Simple baby play quilt in red, white and light blue – machine pieced and quilted.

 

 

 

 

 

 

 

 

 

 

Green pinwheel quilt – machine pieced and hand quilted.

See, I was too lazy to take new photos of my quilts, and I have never taken proper photos of my finished quilts.  So what you see here are glimpses of my quilts in action, so to speak.  I use these quilts everywhere – on beds, on the floor, outside on the lawn, on the coffee table (actually I don’t remember why this one ended up on the coffee table), absorbing drools, baby wee, and beverage spills.

There are actually more little quilts around my house, and I love them all.  They are all simple in design.  Not because I don’t like complicated designs, I do, but it seems that only simple ones end up as finished quilts.  The rest are sitting in my “unfinished” pile, looking very pretty… but unfinished.

This is the stack of navy batik print fabrics I bought today, along with some basic whites.


 

 

 

 

 

 

 

 

 

 

Arn’t they pretty?  I have no idea what I will do with them, but probably something very simple.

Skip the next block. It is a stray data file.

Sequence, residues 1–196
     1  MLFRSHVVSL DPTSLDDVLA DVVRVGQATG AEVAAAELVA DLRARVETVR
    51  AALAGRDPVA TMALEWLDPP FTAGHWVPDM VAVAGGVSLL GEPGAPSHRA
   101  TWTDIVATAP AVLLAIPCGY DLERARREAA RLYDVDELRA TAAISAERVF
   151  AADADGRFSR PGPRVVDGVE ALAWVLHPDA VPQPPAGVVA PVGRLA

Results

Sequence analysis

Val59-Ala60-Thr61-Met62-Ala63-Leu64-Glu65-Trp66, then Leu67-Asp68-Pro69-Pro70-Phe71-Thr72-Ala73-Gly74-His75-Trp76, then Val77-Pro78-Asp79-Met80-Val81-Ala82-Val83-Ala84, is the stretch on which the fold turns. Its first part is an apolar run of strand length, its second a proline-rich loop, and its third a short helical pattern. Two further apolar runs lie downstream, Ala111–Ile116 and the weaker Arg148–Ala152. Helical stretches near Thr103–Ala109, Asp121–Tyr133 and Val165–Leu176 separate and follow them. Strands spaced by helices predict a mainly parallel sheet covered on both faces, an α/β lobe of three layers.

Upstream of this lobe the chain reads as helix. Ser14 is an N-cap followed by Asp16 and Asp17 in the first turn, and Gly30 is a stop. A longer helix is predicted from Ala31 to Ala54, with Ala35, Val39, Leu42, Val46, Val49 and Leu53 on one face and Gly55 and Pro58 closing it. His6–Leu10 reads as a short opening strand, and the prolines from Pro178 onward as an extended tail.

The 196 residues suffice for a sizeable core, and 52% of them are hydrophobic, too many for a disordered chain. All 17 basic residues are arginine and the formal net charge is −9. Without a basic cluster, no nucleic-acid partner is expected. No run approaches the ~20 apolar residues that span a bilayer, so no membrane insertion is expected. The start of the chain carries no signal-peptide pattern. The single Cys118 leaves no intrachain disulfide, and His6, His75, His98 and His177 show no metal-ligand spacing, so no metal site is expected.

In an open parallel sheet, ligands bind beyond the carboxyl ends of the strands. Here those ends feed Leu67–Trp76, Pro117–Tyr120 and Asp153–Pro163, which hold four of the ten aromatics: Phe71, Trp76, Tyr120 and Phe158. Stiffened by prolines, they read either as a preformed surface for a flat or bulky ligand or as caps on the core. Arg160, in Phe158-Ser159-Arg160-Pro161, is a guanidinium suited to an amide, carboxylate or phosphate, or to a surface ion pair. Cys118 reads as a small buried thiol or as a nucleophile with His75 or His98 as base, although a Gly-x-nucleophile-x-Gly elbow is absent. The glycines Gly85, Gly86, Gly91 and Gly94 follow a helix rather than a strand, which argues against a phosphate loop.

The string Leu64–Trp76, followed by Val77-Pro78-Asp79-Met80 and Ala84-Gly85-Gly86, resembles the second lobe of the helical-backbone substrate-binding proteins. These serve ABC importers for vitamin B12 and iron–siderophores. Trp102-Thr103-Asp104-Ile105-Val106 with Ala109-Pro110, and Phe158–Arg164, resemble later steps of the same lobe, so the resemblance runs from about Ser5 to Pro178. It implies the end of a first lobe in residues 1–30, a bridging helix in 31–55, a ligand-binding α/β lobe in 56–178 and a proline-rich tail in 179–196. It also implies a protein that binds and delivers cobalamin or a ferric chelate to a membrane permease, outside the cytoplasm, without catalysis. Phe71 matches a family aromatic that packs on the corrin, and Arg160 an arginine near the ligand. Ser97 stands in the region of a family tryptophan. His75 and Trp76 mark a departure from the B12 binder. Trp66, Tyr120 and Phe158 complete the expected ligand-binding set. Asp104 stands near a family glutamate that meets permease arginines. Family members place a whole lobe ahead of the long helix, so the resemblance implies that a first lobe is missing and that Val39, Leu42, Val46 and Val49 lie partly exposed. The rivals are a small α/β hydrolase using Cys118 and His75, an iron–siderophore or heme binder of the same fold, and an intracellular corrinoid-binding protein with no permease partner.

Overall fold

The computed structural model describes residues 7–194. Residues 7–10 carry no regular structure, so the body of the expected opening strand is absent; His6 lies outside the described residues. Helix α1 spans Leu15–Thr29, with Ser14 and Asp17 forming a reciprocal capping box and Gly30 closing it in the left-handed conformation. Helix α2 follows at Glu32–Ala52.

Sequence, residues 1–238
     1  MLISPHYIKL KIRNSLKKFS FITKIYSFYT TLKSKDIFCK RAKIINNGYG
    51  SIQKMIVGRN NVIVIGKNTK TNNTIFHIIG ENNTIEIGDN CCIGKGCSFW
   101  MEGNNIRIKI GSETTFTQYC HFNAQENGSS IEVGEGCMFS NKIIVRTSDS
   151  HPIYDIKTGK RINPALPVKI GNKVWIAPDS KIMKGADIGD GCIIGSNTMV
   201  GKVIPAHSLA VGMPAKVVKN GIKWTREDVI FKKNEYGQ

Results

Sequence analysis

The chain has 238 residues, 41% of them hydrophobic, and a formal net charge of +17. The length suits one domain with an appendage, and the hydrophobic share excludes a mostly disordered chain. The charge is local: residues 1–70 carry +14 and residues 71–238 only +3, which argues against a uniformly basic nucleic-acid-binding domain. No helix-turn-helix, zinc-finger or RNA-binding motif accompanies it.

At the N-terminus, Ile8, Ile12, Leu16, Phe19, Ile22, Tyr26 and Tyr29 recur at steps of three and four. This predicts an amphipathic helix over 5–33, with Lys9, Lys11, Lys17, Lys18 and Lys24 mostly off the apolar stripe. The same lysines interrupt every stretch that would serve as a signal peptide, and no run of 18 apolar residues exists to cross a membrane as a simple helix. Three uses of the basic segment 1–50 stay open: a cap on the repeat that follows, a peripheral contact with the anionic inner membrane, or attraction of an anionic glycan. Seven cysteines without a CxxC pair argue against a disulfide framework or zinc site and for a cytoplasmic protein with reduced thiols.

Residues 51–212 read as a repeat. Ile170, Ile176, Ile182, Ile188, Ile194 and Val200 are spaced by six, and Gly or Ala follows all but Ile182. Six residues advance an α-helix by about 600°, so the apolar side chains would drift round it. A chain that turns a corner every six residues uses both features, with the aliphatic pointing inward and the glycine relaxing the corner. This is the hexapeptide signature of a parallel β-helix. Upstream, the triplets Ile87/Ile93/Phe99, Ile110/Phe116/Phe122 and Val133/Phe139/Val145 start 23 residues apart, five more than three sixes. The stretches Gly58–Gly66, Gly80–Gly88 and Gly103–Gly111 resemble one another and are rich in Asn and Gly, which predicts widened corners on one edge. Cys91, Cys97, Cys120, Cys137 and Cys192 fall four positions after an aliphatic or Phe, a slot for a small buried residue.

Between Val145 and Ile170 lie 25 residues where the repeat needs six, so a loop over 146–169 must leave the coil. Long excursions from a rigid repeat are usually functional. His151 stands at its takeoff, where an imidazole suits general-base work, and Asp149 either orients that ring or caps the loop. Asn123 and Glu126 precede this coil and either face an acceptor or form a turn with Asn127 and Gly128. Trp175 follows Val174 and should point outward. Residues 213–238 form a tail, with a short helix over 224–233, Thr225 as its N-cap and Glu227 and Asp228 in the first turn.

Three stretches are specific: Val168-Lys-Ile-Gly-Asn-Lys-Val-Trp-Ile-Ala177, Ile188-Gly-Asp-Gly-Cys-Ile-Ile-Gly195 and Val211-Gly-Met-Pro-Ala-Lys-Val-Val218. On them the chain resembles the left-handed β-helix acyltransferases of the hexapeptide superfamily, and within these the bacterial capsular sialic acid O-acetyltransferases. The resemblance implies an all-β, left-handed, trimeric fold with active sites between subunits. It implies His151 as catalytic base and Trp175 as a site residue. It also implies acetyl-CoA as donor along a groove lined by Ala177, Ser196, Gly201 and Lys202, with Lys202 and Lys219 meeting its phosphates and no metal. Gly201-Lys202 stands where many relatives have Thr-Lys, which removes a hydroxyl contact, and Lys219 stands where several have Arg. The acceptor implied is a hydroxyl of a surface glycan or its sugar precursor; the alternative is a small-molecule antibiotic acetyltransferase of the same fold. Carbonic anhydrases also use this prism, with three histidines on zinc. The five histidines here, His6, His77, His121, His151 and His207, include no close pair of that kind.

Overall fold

Birthday party

My children’s birthdays are two days apart.  So this year, like last year, we decided to celebrate their birthdays together.  It wasn’t a big party, because most of their little friends were away on holidays (note for families planning for a baby – giving birth during the summer holiday is probably not the best idea).  But still we had friends, family, and some little ones who could make it, and it was great fun.  Naturally I took the opportunity to make more things.

I made colourful bunting flags.  There are 14 flags, because I initially had a plan to print “happy birthday” on them… but I ran out of time.